My (undiagnosed) fibromyalgia made it so I only barely graduated from Middle Years Programme (MYP ), and my mother took me to see specialists. As specialists aren’t covered in free healthcare, it cost a couple hundred dollars for each test they did. The treatments were just as limited as their knowledge. They agreed that even though it’s likely that I have fibromyalgia, the diagnosis wouldn’t help much as the treatment would be the same, either with specialists or be put on a waitlist for one to three years for treatment by public healthcare. Stavanger is one of the best places to have a heart attack. Chronic illness? Not so much. Fall 2015 I started treatment at the Pain Clinic at Stanford Medical Center. They still refused to give me a proper diagnosis, but I was being seen by a psychologist, physical therapist, psychiatrist and acupuncturist. The treatment helped, but school… was a nightmare. I was doing the same IB program at the American public high school I went to, but IB at that school was IB on top of regular school. I left the IB program within the month. I was still very ill, and the concept of doing six hours of homework every night on top of eight hours of school didn’t agree with my fibromyalgia. I asked for accommodations, but the only thing they could grant me was homework extensions and a permanent hall pass.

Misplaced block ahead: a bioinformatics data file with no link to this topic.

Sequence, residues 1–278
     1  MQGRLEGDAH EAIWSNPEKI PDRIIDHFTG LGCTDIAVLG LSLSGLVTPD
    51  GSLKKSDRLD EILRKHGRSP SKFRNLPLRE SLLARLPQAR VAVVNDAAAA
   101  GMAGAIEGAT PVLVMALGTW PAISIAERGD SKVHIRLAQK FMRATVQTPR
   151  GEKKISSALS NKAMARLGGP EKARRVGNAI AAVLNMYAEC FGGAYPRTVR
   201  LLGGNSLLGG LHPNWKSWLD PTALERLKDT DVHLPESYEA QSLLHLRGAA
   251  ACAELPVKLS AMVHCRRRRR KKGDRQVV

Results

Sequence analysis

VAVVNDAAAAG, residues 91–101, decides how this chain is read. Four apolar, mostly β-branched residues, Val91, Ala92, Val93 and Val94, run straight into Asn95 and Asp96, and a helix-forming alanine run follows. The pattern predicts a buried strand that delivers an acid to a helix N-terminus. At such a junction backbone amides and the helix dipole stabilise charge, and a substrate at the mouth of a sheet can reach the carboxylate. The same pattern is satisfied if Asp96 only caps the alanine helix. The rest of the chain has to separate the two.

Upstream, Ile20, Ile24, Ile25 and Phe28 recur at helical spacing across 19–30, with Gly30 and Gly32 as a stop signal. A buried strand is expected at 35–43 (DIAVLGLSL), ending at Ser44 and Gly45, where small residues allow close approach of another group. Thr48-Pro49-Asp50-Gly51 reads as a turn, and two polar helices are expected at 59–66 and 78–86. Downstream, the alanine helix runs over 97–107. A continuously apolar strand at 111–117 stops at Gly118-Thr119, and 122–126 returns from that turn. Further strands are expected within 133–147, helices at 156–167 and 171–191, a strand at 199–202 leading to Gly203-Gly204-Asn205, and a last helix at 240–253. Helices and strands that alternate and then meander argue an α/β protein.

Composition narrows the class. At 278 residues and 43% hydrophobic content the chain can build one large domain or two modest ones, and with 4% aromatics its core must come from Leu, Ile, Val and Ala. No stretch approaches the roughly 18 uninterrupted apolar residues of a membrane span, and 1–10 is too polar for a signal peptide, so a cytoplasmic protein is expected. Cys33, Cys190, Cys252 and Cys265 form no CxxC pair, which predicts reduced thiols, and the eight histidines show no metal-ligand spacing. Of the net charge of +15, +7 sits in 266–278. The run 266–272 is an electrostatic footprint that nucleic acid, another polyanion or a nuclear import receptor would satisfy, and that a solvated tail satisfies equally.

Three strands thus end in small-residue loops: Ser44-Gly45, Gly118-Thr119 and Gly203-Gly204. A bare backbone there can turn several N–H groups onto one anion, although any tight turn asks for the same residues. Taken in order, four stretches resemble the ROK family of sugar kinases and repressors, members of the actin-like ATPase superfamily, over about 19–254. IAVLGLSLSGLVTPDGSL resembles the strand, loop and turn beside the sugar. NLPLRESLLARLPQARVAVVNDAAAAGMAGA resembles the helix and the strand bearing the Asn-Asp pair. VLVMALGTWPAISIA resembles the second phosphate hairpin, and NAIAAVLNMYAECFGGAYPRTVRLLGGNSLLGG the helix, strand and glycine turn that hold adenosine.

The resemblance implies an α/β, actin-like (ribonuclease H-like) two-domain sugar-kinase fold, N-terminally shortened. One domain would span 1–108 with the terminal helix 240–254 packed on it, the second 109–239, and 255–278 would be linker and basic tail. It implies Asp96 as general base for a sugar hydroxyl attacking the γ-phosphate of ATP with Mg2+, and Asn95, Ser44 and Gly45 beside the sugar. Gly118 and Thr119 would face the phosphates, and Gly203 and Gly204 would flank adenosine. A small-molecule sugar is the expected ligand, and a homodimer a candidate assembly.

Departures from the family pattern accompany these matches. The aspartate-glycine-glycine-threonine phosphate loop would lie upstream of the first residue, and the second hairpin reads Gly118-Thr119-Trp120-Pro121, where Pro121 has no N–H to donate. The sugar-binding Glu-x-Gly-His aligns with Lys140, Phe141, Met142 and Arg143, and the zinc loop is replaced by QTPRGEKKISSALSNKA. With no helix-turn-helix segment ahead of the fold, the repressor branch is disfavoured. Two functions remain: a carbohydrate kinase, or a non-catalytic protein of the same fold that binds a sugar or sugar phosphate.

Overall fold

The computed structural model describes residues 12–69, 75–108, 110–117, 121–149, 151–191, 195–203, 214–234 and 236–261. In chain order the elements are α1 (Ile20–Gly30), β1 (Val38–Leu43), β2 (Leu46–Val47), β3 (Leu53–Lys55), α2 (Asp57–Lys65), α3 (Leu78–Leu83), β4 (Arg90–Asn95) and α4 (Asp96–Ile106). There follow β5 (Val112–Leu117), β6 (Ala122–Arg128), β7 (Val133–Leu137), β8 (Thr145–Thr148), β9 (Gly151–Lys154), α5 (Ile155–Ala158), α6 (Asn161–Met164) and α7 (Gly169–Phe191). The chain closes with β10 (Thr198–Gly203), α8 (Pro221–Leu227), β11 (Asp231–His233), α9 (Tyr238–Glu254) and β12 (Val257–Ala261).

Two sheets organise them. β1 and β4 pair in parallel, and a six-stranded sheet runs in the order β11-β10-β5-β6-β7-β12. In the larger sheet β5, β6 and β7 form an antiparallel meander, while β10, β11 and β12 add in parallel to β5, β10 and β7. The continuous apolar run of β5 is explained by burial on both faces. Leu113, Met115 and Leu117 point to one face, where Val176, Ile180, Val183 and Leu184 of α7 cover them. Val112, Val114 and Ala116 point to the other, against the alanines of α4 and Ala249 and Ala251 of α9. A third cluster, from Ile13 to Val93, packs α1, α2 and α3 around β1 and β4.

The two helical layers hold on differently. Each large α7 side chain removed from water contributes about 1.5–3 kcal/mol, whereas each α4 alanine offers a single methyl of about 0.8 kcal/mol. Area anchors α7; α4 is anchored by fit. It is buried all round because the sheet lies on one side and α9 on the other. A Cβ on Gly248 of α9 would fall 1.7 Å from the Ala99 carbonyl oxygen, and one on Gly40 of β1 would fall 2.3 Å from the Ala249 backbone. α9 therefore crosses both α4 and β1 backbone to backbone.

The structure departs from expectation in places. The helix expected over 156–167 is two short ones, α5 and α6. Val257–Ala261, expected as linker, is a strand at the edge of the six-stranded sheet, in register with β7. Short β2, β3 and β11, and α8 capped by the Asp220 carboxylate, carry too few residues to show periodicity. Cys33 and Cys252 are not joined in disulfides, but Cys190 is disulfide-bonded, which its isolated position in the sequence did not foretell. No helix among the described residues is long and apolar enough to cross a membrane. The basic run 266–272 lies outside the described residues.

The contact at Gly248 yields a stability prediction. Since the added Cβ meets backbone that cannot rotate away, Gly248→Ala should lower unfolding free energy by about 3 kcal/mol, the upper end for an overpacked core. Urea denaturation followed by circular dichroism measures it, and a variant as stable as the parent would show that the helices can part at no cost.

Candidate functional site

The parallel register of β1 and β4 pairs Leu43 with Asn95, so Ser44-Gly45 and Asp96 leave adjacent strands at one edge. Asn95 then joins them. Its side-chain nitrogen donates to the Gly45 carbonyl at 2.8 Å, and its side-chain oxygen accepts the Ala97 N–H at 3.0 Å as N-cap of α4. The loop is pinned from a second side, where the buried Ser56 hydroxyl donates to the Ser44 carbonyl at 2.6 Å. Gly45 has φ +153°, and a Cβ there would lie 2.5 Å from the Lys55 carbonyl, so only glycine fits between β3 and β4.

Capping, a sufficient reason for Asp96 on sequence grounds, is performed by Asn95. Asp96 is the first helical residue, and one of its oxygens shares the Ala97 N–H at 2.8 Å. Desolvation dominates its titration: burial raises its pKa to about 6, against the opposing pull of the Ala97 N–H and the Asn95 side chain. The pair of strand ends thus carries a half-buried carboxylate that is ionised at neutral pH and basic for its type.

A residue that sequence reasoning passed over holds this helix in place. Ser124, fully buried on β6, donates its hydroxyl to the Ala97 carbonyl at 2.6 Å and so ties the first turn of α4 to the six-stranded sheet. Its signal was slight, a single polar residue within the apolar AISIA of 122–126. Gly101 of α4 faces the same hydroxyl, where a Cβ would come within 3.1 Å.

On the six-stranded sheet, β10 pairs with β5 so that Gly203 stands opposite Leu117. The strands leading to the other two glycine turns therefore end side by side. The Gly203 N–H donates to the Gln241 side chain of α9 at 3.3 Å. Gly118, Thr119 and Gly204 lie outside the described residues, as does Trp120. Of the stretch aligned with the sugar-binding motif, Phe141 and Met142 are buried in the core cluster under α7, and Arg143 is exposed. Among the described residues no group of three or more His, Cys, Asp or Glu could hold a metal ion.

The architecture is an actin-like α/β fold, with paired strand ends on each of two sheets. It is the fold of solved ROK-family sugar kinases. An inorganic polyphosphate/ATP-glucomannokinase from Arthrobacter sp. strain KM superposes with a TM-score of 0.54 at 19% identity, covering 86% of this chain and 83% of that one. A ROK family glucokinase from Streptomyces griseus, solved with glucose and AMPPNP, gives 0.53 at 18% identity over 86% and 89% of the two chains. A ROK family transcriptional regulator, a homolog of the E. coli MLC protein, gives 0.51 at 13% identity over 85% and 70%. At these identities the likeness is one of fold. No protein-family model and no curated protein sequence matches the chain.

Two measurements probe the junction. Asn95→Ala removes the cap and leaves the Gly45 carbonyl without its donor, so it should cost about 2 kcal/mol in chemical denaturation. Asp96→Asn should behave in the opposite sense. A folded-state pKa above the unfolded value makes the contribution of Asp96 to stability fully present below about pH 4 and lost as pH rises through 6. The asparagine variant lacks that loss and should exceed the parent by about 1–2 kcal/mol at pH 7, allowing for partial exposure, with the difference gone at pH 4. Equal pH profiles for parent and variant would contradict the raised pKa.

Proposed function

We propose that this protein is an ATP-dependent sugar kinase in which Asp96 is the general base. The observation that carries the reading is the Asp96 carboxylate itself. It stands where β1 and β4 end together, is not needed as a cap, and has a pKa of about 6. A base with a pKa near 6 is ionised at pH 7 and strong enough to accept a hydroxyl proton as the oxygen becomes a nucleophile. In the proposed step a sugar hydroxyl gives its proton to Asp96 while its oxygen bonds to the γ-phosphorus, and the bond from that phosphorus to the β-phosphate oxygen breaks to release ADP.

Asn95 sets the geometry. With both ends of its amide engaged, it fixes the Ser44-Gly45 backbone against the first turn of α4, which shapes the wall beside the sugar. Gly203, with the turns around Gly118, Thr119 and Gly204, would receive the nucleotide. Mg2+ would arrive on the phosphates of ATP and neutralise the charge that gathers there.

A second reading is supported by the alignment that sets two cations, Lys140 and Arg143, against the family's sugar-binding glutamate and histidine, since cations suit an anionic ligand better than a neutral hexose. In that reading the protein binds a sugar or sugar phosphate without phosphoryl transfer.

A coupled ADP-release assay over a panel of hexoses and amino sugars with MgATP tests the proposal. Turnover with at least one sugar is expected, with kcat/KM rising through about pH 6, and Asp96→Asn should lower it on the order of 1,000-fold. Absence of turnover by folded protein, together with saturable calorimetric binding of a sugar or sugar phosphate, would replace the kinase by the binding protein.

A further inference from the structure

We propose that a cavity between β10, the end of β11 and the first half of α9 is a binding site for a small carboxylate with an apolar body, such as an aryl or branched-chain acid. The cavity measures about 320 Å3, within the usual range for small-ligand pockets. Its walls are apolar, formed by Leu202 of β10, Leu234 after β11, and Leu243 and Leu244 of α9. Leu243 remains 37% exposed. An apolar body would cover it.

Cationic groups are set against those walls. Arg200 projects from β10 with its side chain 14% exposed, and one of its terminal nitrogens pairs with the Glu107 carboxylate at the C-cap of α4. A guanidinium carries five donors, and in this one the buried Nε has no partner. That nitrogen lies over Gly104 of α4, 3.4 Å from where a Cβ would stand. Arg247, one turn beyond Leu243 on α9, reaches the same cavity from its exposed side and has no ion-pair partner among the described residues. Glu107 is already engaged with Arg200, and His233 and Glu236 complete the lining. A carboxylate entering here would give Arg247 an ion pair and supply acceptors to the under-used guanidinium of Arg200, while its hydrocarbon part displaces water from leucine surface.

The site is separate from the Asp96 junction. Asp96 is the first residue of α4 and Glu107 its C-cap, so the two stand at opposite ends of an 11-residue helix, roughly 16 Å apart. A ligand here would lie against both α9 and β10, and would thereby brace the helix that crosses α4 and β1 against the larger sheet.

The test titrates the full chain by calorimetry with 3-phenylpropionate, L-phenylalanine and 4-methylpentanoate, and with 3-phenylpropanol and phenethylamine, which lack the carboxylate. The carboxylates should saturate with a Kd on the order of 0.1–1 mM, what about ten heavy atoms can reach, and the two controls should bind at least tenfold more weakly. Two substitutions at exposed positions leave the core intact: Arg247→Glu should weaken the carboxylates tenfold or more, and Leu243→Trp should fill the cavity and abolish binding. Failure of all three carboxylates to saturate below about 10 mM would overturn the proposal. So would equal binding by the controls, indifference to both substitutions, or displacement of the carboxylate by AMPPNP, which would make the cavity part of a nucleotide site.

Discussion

That didn’t make much difference when I could barely get out of bed. After three months of brick and mortar, I unofficially dropped out. I transferred to an online school, but there was still a requirement of nine hours of schoolwork per day. No one had told me the American Dream translated to ‘grind until you die’.

    I unofficially dropped out of online school in the spring and then studied hard and tested out of high school in the fall. Just in time to move to Southern California as there was nothing left for me in the Bay Area. My sister was attending the University of Redlands and was my greatest support system at the time, and it was great to be with her again. I spent the next year in limbo, trying to figure out what I could possibly do in my current state in a country that didn’t seem to want me, from a country that didn’t seem to want to help me.

    I have since paved my own path and worked with people who did want me and did want to help me. I think a lot about my two cultures and how they’re ingrained in my DNA and psyche, as much as I try to withdraw from them. I take no pride in them, but I have great interest in them—in how they shaped me, and how they treated me, and people like me. How they helped me and how they hurt me; how my experiences are unique and how they are universal.

  • California’s Black Disability History

    In honor of Black History Month, we at the California Foundation of Independent Living Centers felt that it was only fitting to highlight a few of the Black leaders with disabilities who pioneered the Independent Living Movement: Johnnie Lacy, Joyce Jackson, Donald Galloway, and Bradley Lomax.